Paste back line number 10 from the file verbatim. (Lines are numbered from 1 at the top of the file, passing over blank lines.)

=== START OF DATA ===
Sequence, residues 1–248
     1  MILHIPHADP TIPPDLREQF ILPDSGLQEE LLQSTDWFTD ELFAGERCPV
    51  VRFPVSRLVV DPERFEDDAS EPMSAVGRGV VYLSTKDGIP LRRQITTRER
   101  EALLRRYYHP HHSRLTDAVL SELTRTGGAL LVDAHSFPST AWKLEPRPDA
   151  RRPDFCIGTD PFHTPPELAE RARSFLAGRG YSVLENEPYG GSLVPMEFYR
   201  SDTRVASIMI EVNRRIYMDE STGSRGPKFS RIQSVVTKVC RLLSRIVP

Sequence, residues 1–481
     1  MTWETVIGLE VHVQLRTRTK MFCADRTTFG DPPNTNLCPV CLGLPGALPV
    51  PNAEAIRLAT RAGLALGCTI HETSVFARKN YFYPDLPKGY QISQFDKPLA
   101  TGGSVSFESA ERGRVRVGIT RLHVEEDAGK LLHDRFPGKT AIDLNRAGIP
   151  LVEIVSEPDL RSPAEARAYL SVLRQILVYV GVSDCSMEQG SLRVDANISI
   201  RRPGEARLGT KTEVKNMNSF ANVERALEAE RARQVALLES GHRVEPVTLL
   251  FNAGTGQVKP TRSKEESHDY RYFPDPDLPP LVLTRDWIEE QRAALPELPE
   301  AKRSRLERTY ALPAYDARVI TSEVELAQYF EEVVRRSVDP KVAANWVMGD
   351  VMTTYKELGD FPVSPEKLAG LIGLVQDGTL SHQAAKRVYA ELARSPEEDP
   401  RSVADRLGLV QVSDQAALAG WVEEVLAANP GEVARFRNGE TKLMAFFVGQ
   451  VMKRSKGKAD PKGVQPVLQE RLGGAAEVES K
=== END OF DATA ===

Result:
   101  TGGSVSFESA ERGRVRVGIT RLHVEEDAGK LLHDRFPGKT AIDLNRAGIP